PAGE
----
UN court for Rwanda upholds sentence of ex-military chief

[JURIST] The International Criminal Tribunal for Rwanda (ICTR) [official website] on Monday unanimously affirmed a 30-year jail sentence [judgment summary, PDF; press release] for former army chief Augustin Bizimungu [BBC profile] for his role in the 1994 Rwandan genocide [UNCHR backgrounder; JURIST news archive]. Bizimungu was found guilty [JURIST report] in May 2011 on six counts of genocide and crimes against humanity for murder, extermination and rape in addition to violations of Common Article Three of the Geneva Conventions [text]. The court found that Bizimungu, who is among the most senior figures to be tried by the ICTR, had called for the killing of ethnic Tutsis [AFP report] a few days before he was made army chief, and that he had complete control over the men he commanded who were involved in the massacres. Despite claims from Bizimungu during his appeal hearing that he had "urged military discipline and respect for the dignity of human life," prosecutor Abdoulaye Seye has expressed a desire for a heavier sentence.

In March Human Rights Watch (HRW) [advocacy website] reported [JURIST report] that significant progress had been made in national and international courts to bring to justice those responsible for the Rwandan genocide. In February the ICTR announced that Augustin Ndindiliyimana, the former chief of staff of the Rwandan parliamentary police, and Francois-Xavier Nzuwonemeye, the former commander of a military reconnaissance battalion, had been acquitted on appeal [JURIST report]. In November a French appeals court in Paris approved the extradition [JURIST report] of Claude Muhayimana and Innocent Musabyimana, two suspects wanted in connection with the genocide. Last April French law enforcement officials arrested [JURIST report] Tite Barahira, a former Rwandan leader, for conspiracy to commit genocide. In December 2012 the ICTR convicted [JURIST report] former Rwandan minister Augustin Ngirabatware, sentencing him to 35 years in prison on charges of genocide, incitement to commit genocide and rape as a crime against humanity.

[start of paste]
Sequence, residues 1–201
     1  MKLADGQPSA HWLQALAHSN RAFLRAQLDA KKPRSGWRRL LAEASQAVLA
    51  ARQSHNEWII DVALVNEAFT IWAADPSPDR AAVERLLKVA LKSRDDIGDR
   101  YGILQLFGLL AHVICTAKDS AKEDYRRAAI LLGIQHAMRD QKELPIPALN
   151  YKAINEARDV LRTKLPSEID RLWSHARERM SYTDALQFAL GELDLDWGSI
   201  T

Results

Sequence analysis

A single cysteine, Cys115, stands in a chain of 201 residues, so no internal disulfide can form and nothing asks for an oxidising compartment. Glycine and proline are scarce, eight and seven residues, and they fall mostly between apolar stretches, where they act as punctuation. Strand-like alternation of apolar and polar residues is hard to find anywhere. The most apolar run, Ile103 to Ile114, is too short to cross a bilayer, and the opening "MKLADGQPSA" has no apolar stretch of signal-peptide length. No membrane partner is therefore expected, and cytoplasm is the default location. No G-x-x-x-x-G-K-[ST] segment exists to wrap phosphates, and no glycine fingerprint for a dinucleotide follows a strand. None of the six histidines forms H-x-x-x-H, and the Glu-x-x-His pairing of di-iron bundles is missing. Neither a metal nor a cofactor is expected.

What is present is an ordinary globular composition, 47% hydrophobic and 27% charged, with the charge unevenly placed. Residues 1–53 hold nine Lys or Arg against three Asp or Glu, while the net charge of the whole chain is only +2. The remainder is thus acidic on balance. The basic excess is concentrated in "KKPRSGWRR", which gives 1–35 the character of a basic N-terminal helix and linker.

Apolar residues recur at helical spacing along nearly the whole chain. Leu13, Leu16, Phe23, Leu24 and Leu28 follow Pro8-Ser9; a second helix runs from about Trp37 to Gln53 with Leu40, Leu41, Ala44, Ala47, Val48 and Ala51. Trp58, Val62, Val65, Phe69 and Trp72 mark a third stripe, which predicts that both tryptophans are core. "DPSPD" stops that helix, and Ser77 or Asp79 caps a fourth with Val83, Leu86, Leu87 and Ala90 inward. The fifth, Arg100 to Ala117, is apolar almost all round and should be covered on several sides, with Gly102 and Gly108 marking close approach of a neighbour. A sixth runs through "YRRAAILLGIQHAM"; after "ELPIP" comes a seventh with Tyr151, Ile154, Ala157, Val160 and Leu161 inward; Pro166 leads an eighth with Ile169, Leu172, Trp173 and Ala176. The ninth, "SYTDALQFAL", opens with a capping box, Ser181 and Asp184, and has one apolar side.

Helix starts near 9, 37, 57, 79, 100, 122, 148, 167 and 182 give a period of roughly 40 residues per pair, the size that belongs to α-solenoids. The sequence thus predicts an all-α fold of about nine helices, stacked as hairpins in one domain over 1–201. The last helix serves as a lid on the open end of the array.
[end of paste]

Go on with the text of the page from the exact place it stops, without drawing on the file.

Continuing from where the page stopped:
About Paper Chase

Paper Chase is JURIST's real-time legal news service, powered by a team of 30 law student reporters and editors led by law professor Bernard Hibbitts at the University of Pittsburgh School of Law. As an educational service, Paper Chase is dedicated to presenting important legal news and materials rapidly, objectively and intelligibly in an accessible format.

© Copyright JURIST Legal News and Research Services, Inc., 2013.